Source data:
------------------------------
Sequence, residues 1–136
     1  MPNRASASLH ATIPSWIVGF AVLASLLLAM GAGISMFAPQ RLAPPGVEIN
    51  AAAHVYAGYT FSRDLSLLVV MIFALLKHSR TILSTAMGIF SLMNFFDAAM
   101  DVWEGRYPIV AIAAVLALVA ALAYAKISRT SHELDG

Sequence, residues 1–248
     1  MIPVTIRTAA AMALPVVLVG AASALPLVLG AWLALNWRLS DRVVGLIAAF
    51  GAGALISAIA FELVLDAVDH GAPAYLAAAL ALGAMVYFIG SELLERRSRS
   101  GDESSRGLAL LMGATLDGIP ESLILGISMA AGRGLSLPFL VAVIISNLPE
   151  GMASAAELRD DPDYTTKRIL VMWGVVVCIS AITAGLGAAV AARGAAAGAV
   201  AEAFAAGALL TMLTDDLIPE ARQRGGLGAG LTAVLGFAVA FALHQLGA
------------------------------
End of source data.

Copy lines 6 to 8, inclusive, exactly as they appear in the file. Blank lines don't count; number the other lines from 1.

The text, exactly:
     1  MIPVTIRTAA AMALPVVLVG AASALPLVLG AWLALNWRLS DRVVGLIAAF
    51  GAGALISAIA FELVLDAVDH GAPAYLAAAL ALGAMVYFIG SELLERRSRS
   101  GDESSRGLAL LMGATLDGIP ESLILGISMA AGRGLSLPFL VAVIISNLPE